“Something my father showed me one Sunday afternoon that changed me. He was reading the paper and there was an article about Norval Morrisseau, the painter, and I asked my father who he was. He said he was one of us and I knew he meant — an Indian — and I felt proud about being ‘Indian’ for the first time. It was this moment that drives my work, giving me a sense of pride and unity. This seed was planted in my psyche. At that time in my life it was all I had and I knew later on telling Indigenous stories was a part of painting. I started to look into our Indigenous culture for stories transforming my art into a long forgotten lexicon of storytelling.”

Cote utilizes multiple platforms to educate both Indigenous and non-Indigenous people.

When asked about what he hopes people will learn about Indigenous people, he said: “My main thoughts are that the Indigenous stereotypes that most people rely on is wiped away, and in its place our Indigenous narrative about our culture, cosmology, history, language and technology that prevail — as this is the only way for indigenous people to have equity in this country.”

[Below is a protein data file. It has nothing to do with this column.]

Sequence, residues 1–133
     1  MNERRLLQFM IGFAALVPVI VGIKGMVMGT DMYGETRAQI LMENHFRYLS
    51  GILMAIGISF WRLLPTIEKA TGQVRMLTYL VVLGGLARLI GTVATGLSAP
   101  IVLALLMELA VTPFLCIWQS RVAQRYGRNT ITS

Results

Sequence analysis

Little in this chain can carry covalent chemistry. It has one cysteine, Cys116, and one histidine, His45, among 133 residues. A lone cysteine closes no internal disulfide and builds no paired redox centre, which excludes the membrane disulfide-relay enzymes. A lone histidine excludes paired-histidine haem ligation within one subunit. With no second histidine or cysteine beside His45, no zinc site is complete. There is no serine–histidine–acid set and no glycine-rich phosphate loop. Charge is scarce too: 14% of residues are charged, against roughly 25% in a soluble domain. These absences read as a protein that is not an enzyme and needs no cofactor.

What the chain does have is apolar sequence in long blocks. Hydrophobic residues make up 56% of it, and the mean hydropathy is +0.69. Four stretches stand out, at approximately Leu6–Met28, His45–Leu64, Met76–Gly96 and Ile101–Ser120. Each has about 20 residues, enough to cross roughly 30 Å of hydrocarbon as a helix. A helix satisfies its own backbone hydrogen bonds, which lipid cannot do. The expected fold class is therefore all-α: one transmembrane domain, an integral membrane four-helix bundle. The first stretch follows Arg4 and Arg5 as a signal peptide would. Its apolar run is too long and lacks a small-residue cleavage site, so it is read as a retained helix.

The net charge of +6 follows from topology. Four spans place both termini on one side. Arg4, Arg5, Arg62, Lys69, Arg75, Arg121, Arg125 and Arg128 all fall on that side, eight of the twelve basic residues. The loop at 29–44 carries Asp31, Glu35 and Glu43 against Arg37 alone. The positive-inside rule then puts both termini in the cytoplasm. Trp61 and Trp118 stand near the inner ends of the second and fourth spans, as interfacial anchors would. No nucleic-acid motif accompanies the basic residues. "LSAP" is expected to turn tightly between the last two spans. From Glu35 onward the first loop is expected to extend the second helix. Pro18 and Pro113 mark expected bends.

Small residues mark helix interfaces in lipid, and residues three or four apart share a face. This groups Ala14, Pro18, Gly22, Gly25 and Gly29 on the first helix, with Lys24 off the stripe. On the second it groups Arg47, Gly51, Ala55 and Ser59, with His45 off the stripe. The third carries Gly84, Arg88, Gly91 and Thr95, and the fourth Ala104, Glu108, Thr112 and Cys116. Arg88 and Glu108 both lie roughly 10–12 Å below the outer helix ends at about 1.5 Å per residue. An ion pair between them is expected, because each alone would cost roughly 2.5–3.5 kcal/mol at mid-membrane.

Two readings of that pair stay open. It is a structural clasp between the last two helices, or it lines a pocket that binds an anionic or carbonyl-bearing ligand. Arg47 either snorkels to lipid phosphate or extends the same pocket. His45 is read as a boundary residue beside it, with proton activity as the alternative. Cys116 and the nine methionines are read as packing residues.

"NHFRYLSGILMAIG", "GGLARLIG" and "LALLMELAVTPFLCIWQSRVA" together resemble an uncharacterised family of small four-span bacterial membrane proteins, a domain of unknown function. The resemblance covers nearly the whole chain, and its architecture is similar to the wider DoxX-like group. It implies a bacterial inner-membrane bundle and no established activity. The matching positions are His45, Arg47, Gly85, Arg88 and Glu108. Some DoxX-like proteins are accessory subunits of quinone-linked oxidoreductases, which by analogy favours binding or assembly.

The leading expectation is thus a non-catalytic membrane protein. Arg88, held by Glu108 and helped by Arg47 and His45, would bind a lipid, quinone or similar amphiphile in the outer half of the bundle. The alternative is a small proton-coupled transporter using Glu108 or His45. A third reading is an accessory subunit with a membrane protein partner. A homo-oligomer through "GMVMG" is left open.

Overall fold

“Our portrait has been painted by colonization — the likeness of a beggar, uneducated and without civilized belief systems, with a bounty on our heads to show our worth. This changed when in the 1960s famed Anishinaabe artist Norval Morrisseau brought our culture, cosmology and history into the 20th century and began an art movement that inspires identity and an indigenous narrative that breaks open the colonial iceberg. My work continues this idea of the living Indigenous narrative in art through an Indigenous lens.”

Cote has painted many murals that can be seen across Ontario, many of them in the City of Toronto. Cote has won awards from the Toronto Association of Business Improvement Areas for his street murals.